LONDON — The Premier League executives went around the room, until almost all of them had shared a story. Threats. Ugly confrontations. Physical assaults.
The impromptu exchange, anecdotes shared by top officials of the Premier League’s 20 clubs during a board meeting on Thursday, were both cathartic and expressions of support for Manchester United’s executive vice chairman, Ed Woodward, whose home was vandalized last week by a group of disgruntled fans.
Woodward, a former banker who joined Manchester United after helping its unpopular owners, the Glazer family, acquire the team in 2005, has become a lightning rod for United fans angered by the precipitous decline in the club’s on-field fortunes. Fans have protested Woodward’s stewardship for most of the season. But the news that one group fired smoke bombs and flares at his home on Jan. 28 shook league officials and rival executives.
At the meeting on Thursday at a London hotel, several officials told their own tales of being harassed or threatened by angry supporters, and expressed personal concerns about the safety of themselves and their families as a result of such abuse, both in person and on social media.
Shortly after the meeting broke up, the Premier League issued a statement in which its member clubs resolved to take on troublesome fan behavior.
On Friday, Manchester United went further: It filed a complaint with a media standards organization accusing a British tabloid newspaper, The Sun, of having prior knowledge of the attack at Woodward’s home, and of sending a reporter along with the fans who took part.
“The Club believes that The Sun newspaper had received advance notice of the intended attack, which included criminal damage and intent to intimidate, and that the journalist was present as it happened,” Manchester United said in a statement. “The quality of the images accompanying the story indicate that a photographer was also present.”
The Sun acknowledged the complaint in a statement of its own Friday; in it, it said it would cooperate with any investigation, and also confirmed that one of its reporters — after receiving a tip — had been present when Woodward’s home was attacked.
“The Sun accurately reported the events that unfolded,” the paper said. “At no time was our reporter made aware of what was to take place nor incited it or encouraged any criminal activity. The article made it clear that the behavior was criminal and unacceptable.”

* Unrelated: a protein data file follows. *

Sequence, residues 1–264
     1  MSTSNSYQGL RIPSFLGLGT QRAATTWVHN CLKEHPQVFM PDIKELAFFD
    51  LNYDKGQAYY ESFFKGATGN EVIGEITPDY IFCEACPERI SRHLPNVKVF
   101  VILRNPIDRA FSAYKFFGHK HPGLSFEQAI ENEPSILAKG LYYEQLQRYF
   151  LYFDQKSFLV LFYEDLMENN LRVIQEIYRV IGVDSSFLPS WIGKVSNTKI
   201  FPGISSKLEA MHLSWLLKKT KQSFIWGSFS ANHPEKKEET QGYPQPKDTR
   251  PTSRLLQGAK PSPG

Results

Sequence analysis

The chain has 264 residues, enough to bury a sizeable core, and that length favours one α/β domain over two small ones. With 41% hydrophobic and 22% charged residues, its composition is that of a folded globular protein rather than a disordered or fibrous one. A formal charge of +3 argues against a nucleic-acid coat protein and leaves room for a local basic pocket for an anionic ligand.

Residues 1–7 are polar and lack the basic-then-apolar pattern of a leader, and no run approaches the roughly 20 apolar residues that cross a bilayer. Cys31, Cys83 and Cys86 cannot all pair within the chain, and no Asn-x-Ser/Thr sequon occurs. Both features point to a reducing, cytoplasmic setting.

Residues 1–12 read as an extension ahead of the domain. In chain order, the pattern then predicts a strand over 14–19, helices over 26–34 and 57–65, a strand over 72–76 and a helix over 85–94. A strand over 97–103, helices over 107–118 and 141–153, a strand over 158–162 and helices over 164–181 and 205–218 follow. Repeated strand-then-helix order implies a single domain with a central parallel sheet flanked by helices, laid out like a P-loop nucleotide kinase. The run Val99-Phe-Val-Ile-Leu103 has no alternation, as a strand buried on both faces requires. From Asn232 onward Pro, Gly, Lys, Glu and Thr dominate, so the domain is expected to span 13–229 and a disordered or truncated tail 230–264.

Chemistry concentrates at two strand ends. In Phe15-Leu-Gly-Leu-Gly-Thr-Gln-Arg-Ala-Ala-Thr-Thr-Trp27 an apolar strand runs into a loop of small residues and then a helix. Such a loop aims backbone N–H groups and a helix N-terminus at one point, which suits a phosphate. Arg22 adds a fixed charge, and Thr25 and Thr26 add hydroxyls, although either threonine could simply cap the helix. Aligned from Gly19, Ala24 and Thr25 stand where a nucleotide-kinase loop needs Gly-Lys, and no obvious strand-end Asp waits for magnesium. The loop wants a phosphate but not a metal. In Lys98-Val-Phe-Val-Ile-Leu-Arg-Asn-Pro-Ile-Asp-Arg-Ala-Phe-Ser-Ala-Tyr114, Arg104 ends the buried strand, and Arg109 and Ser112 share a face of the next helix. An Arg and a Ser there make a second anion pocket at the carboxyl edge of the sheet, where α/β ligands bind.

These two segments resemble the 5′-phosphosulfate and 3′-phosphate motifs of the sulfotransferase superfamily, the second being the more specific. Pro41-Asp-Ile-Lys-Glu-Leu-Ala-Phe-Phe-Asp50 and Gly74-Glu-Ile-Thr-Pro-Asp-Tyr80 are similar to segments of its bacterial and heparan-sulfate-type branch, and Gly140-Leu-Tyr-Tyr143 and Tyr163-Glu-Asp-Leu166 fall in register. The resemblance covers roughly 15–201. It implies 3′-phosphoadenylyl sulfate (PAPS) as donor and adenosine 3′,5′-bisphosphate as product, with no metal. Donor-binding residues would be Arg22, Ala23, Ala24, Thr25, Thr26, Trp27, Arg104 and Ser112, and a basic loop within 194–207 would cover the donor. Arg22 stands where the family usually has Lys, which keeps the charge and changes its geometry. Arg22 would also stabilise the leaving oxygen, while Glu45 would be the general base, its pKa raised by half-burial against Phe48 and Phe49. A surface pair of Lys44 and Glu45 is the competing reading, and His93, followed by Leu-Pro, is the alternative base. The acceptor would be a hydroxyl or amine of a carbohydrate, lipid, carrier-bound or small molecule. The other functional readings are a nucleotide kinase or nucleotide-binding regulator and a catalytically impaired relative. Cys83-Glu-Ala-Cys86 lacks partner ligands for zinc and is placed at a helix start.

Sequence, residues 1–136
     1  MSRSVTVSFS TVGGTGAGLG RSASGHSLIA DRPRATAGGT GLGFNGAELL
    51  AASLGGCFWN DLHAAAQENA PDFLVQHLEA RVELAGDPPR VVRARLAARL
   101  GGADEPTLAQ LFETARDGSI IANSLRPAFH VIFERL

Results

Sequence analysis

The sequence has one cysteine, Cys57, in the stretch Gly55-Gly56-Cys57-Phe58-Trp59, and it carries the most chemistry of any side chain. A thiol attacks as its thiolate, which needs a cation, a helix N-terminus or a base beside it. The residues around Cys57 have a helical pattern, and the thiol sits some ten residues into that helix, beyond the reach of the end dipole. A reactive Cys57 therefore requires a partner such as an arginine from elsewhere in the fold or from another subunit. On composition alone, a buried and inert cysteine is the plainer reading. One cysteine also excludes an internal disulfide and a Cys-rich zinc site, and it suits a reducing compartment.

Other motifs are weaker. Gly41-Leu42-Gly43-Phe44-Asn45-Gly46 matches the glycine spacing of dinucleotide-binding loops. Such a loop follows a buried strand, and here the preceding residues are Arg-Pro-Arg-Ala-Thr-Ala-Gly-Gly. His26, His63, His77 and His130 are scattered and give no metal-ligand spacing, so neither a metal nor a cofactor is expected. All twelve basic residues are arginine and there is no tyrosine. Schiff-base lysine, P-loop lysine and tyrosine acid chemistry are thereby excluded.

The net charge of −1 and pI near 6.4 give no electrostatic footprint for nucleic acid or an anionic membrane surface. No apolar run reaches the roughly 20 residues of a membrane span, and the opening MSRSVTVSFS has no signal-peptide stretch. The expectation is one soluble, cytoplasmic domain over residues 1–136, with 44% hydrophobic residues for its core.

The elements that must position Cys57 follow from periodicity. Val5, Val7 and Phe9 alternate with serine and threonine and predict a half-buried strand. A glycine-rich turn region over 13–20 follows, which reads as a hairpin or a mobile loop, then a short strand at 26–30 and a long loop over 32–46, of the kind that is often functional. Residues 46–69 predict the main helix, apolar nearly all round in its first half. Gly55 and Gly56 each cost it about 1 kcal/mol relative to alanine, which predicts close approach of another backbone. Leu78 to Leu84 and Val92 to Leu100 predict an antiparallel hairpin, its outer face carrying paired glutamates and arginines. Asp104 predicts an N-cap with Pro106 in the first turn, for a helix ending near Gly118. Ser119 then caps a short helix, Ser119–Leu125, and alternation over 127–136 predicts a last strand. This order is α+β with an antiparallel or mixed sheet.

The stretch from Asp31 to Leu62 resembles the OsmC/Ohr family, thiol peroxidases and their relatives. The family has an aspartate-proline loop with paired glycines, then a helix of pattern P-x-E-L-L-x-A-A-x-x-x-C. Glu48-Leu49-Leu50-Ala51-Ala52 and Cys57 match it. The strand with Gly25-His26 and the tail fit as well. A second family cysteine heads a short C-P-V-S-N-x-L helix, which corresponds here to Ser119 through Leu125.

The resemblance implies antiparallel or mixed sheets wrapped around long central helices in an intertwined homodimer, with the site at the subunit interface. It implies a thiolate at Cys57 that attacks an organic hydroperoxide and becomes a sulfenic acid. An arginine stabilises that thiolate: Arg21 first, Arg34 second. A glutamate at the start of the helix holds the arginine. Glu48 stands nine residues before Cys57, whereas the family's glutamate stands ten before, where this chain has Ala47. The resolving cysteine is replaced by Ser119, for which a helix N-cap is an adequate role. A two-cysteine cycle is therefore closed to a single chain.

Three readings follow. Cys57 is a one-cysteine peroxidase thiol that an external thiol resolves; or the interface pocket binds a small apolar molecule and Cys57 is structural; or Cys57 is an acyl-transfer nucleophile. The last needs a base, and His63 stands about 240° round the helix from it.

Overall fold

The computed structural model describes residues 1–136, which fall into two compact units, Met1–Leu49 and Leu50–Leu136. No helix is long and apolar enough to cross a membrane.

The statements came one day after the Premier League clubs announced that they would impose a leaguewide ban on anyone barred by their club for “discriminatory, abusive or violent acts.”
“The league will come together as a unit to protect the likes of Ed and punish those perpetrators,” the West Ham co-owner David Gold said. “It cannot be tolerated.
“Manchester United are a big club, Ed Woodward is a big figure in the game. He cannot be worried about his wife and children.”
Woodward, according to people who attended Thursday’s closed-door meeting, was said to be cheered by the show of support from his peers, but embarrassed by the focus on him personally. He has not commented publicly on the attack at his home.
West Ham’s Gold has himself long been a frequent target for abuse from a section of his own teams’ fans. He and his co-owner David Sullivan were forced to leave their seats before the end of a league game against Burnley in 2018 when about 200 supporters managed to get close to a secure area near the directors’ box. The spectators spent 10 minutes showering the executives seated there with abuse, hurling objects in their direction and even performing throat-slitting gestures toward them.
“I know exactly what Ed’s experienced,” Gold said. “I’ve experienced it four or five times myself.”
“In my mind you’ve got a couple of hundred belligerents who want to, metaphorically, burn your house down,” he added. “And those 200 will gather people who are listening, or walking by and wonder what it is all about.”
Recounting his own incident at the game against Burnley, Gold said he had been accompanied by family members, including a young granddaughter.
“My 10-year-old granddaughter said: ‘Grandpa, what do they mean? You’re not a liar, are you grandpa?’” he said. “I mean, what do you say to a 10-year-old?”
The attack on Woodward’s home was not the first time United fans have resorted to direct action. A group of about 40 supporters, including several wearing balaclavas, showed up outside the home of the former United star Wayne Rooney in 2010 to warn him off the idea of joining the club’s crosstown rival Manchester City after talk of a potential transfer emerged during a contractual dispute with the club.
Witnesses, according to news reports at the time, recalled seeing a banner being unfurled that read: “If you join City you’re dead.”
Woodward has been a frequent target for fan fury inside — and sometimes above — United’s Old Trafford stadium. Once, a group paid for a plane to carry a banner calling for him to be fired above a match. But this season, the situation has gotten worse.
“Gonna die, gonna die, Ed Woodward’s gonna die,” some fans sing in unison. “How we kill him, I don’t know, chop him up from head to toe, all I know is Woodward’s gonna die.”
The chant was said to have been heard when the group attacked his home.
“Obviously a line was crossed,” the Premier League’s new chief executive, Richard Masters, said. “Those particular songs and the activities taking place outside Ed Woodward’s house were horrible and wrong. A line was crossed and the fans should be denounced.”